Drag to read about a different week.


    That little body gets antibodies.

    A developing fetus in the thirty-ninth week

    Your baby’s development

    The countdown begins…
    39 weeks. She probably weighs between 6-9 pounds, and she’s busy making final preparations for her arrival:

    The waxy vernix covering her skin and the fine hair called lanugo is nearly gone by now, but some may remain at birth.

    Your baby gets antibodies from the placenta to protect her against illness.

    She’ll also get more antibodies if you breastfeed her at birth.
    Four plastic containers with food

    Your nutrition and health

    Get a jump on breastfeeding.
    While your baby is prepping for her first moments in the outside world, your body is making its final preparations for her first meal.

    Your breasts reach their full size. They might enlarge again after delivery until your milk comes in. They also might begin to leak a thick, yellowish milk called colostrum. Packed with nutrients and antibodies, it helps give your baby a great start.

    Plan ahead for your mealtimes

    If you are planning to breastfeed, it’s important to continue vigilance with your diet, as you have throughout your pregnancy, as it may impact the nutrient quality of your breast milk. It is recommended by the American Academy of Pediatrics (AAP) that breastfed infants get a vitamin D supplement of 400 IU per day.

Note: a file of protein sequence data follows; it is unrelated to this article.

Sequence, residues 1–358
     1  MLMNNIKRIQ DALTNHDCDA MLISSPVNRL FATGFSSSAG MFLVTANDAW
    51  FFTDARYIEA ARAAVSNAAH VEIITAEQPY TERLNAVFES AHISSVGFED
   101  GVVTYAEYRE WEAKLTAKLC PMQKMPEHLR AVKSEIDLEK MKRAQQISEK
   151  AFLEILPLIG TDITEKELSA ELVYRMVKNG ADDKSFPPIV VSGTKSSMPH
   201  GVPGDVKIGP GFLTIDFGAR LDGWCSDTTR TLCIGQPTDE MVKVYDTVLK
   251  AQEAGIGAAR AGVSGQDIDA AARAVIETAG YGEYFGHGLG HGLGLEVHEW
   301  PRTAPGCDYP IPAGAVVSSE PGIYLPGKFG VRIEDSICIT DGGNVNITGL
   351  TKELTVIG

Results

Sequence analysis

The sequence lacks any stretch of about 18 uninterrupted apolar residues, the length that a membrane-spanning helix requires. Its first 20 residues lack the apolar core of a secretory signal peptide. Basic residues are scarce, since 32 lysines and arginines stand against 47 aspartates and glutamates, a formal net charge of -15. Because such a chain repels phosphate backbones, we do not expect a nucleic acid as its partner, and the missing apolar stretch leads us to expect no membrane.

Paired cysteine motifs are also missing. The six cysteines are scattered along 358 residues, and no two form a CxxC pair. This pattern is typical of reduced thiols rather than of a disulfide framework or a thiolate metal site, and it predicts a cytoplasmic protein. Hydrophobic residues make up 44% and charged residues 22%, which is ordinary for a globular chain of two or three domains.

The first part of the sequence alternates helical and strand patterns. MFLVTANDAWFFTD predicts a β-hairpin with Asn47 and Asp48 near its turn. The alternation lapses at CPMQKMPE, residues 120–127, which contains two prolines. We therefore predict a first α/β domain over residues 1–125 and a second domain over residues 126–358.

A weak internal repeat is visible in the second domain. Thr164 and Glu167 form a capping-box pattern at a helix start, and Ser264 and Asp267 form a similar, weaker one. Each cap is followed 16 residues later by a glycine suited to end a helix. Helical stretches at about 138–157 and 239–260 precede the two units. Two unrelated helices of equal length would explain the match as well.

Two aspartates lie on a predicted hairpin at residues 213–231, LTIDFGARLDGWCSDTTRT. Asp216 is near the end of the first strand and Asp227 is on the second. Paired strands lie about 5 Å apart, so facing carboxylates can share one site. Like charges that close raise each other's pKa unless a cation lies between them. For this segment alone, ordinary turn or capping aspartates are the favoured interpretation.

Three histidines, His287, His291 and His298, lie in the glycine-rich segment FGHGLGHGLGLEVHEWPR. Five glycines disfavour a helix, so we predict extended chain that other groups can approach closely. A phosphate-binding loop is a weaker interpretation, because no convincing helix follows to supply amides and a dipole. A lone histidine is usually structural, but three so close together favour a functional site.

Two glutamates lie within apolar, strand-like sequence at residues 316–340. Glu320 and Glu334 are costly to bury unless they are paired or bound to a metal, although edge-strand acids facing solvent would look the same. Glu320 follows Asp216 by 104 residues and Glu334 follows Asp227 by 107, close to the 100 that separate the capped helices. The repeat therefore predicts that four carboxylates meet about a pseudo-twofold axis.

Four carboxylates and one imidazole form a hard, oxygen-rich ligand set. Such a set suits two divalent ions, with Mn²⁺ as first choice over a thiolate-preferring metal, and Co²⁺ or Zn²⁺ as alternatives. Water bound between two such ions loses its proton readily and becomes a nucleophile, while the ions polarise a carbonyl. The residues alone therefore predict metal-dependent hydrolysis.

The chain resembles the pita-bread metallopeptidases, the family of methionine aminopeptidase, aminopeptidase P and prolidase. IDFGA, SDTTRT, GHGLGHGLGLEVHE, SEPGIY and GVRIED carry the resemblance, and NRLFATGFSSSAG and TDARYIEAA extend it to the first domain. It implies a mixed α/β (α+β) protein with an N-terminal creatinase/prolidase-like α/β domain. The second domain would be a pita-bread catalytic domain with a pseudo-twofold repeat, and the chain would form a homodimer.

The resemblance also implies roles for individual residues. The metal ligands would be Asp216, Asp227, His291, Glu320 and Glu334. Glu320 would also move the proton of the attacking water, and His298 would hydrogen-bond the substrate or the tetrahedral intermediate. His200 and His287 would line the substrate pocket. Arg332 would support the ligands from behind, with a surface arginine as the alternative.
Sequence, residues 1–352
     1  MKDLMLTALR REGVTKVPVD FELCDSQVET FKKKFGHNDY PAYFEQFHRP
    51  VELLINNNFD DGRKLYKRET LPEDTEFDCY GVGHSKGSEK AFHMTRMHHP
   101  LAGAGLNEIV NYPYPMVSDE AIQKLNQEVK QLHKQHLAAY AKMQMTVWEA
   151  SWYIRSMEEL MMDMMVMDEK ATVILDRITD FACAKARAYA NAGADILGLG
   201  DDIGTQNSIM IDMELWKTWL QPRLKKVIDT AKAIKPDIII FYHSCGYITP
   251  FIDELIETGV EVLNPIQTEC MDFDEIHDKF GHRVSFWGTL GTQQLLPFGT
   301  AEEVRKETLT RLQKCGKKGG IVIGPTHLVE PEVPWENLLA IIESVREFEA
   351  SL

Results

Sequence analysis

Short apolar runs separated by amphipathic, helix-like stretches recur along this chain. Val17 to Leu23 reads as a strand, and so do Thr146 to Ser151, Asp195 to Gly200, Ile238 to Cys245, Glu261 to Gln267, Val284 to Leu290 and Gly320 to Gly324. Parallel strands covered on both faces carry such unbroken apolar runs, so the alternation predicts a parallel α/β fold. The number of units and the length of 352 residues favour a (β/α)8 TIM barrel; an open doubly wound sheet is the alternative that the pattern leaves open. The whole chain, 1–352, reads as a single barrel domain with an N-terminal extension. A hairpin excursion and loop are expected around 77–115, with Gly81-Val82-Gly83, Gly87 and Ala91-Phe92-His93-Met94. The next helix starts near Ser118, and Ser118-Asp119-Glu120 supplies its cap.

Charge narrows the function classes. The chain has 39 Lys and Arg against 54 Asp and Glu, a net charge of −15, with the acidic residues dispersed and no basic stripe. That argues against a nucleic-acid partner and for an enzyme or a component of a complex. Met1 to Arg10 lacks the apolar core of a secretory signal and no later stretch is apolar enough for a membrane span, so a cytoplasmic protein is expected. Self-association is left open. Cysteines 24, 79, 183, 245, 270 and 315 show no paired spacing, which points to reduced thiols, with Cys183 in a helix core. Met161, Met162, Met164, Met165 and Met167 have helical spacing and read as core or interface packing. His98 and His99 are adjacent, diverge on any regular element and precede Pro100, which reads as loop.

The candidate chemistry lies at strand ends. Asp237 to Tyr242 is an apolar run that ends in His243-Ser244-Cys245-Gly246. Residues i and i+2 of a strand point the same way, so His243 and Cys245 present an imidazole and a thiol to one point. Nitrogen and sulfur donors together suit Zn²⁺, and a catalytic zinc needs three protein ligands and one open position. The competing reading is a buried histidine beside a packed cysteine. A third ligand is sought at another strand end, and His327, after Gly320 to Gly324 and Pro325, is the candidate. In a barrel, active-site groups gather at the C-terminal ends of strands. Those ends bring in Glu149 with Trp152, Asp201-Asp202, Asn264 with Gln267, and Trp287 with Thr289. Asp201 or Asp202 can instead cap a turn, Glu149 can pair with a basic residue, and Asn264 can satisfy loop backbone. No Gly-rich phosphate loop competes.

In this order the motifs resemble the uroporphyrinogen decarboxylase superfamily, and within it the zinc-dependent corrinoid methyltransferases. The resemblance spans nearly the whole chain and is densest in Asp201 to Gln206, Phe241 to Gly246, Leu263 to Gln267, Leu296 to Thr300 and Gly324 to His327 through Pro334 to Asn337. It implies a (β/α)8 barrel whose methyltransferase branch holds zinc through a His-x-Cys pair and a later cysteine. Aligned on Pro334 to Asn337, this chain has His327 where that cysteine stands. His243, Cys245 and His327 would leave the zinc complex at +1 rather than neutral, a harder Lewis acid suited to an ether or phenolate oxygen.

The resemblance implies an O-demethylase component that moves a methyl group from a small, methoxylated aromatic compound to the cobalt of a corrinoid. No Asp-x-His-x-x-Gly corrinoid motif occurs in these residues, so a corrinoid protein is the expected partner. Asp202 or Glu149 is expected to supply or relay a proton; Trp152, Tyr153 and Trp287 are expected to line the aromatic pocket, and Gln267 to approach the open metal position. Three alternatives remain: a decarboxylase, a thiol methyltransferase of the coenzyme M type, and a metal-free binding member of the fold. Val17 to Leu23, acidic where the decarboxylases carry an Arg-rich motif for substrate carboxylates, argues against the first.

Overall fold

Important nutrition tips for lactating moms include:

    • Continue to eat from the five food groups. Lactating moms can get a food plan of their own at www.choosemyplate.gov.
    • Get 1000 mg of calcium a day.
    • Drink approximately 13 cups of water and other beverages per day.

    Some easy ways to make sure you are getting the nutrients you and your baby need for breastfeeding:

    • Before your baby arrives, plan ahead for nutritious meals after she arrives home.
    • If you can, cook and freeze a few simple meals that you can quickly reheat in the oven or microwave.
    • Stock up on nutritious foods and snacks to make mealtime easier with a newborn in the house.
    A pregnant woman holding her stomach looking downwards

    Things to think about now

    Is it time? Is it time?
    Contractions occur when the uterus tightens and relaxes, helping your baby travel through the vagina.

    At 39 weeks, contractions could be the real thing, but some may be Braxton Hicks contractions—also called false labor—which help your body practice for the real thing.

    In most women, uterine contractions get closer together, become more intense, and last longer as childbirth approaches. But sometimes contractions stop altogether.

    You can use a stopwatch or clock to time the contractions when they start. Call your doctor when they occur closer together, intensify, or last longer.

    During a contraction, you will feel pressure and pain in your lower back and abdomen, and your abdomen will tighten.

    Between contractions, your abdomen and uterus will relax.
    A pregnant woman in the hospital holding her newborn on the bed

    What happens next week

    This is it.
    Hormones will surge through your baby’s body, which could initiate labor, and you’ll be off to the races.